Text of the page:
When it comes to larding on extra fees, airlines and hotels have nothing on that other big travel provider: rental car companies.
They're quietly introducing a new one — a "no-show" fee — that stands out only because it makes some sense. More on that later.
Sometimes the charges are imposed by local and state governments or airports. Others defy explanation, except as a way to get consumers to pay a company's costs of doing business.
Check car rental websites and you'll find an energy recovery fee, a tire and battery fee and one just called "rental surcharge."
A two-day Ford Taurus rental at Tampa International Airport last weekend priced out at $73.41. Taxes and fees accounted for $17.43, nearly a quarter of the total bill. That didn't include the GPS navigation system ($23.90), child safety seats ($26 each) or vehicle insurance ($26.99 per day).
Suffice to say, it pays to check your rental contract carefully before signing.
Here are a few fees to look for:
• Additional driver: an extra $13 a day or so. Some companies charge the fee for your spouse to drive.
• Underage drivers: Expect to pay a lot more if you're younger than 25. Fees vary by company and location. Budget charges $27 per day for drivers ages 21 to 24, more in New York state and Michigan. Companies say their liability renting to young drivers justifies the fee.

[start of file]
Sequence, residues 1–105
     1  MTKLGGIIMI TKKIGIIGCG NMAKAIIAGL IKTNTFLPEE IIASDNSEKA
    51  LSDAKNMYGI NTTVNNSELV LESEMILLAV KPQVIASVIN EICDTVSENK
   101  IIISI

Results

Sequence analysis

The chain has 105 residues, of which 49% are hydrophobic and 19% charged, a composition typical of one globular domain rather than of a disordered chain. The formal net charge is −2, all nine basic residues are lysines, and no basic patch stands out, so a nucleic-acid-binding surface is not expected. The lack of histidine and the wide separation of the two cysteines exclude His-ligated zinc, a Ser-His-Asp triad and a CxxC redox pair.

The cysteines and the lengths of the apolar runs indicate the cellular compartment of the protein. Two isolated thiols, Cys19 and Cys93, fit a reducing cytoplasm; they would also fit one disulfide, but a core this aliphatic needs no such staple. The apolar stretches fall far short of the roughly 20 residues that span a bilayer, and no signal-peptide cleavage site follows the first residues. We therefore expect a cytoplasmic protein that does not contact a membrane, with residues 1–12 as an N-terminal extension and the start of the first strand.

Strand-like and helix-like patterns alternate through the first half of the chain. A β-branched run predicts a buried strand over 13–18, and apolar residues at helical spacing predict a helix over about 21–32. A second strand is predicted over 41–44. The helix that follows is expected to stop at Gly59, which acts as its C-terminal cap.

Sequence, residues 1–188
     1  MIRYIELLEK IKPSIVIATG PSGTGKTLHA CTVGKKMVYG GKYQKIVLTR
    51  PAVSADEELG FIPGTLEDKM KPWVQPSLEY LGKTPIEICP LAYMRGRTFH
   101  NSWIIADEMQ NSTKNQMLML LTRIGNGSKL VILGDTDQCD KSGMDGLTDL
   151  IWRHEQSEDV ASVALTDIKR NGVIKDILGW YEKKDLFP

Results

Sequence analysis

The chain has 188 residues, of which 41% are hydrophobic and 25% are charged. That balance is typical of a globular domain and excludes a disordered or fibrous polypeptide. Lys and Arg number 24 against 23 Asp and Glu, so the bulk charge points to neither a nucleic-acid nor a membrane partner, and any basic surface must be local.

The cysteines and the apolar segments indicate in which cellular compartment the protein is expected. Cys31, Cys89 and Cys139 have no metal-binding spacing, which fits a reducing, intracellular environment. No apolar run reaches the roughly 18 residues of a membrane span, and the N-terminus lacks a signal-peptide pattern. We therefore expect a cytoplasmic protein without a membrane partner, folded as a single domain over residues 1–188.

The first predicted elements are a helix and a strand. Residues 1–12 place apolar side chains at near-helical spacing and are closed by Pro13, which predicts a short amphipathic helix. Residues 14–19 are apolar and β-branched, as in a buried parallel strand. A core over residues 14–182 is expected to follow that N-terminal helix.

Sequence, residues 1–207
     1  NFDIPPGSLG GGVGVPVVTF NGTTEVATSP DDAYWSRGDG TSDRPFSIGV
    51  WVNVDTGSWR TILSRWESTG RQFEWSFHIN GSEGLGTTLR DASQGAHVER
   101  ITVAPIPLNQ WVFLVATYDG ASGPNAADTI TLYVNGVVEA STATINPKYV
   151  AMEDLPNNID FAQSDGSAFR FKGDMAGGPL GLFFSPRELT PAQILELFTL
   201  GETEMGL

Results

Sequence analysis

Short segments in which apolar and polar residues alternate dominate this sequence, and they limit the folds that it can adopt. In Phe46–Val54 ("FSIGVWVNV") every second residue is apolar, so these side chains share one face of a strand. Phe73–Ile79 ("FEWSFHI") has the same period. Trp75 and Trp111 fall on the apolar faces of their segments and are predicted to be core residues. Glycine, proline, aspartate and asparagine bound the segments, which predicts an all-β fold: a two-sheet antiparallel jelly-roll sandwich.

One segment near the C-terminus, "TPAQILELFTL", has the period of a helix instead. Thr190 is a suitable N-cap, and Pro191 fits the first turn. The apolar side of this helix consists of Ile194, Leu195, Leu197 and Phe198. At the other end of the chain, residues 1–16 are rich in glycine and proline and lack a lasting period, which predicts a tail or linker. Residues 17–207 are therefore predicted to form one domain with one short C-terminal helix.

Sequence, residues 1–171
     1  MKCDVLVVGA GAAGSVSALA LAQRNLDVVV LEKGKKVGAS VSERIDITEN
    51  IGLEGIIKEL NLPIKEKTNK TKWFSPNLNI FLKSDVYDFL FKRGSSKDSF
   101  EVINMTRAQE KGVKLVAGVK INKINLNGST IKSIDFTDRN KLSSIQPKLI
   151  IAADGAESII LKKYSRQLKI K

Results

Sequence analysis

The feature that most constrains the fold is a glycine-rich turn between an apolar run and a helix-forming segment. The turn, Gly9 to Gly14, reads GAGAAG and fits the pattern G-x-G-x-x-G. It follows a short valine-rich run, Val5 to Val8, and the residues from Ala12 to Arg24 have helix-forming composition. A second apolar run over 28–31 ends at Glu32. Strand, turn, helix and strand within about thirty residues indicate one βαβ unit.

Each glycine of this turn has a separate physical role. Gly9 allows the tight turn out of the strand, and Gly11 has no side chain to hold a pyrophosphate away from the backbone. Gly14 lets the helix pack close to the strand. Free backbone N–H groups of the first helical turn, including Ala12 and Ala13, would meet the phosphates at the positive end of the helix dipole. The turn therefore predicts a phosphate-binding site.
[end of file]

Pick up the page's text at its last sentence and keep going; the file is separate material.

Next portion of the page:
• Fuel: They charge a reduced price per gallon to sell you a full tank with the rental. But they don't give a refund for any fuel you leave in the vehicle, so this option typically costs more than refilling the tank yourself.
• Airport concession fee: Usually about 10 percent of the rental price. Companies charge this to recover what airports charge them for operating on site. It's one reason prices usually are cheaper away from the airport.
• State and local tax: Added by politicians to pay for projects unrelated to your car rental, such as sport stadiums, performing arts centers and other pet projects. Don't blame the companies. They hate them, too.
• Tire and battery fee: To pay for Florida's tax on the sales of tires and batteries. Revenues go to clean up sites polluted by the materials. At least it's just 2 cents a day.
Back to the "no-show" fee.
Rental companies traditionally took car reservations without asking for a credit card.
The Big Three — Avis Budget, Enterprise Holdings and Hertz — now request card information in select markets and charge between $5 and $50 if a customer cancels or doesn't pick up the car. The fee usually applies to discounted or prepaid rentals.
Airlines are way ahead, with painful ticket-change fees up to $150. Car rental companies say as many as 30 percent of reservations are abandoned by no-shows. A reasonable fee isn't unreasonable.
Steve Huettel can be reached at firstname.lastname@example.org or (813) 226-3384.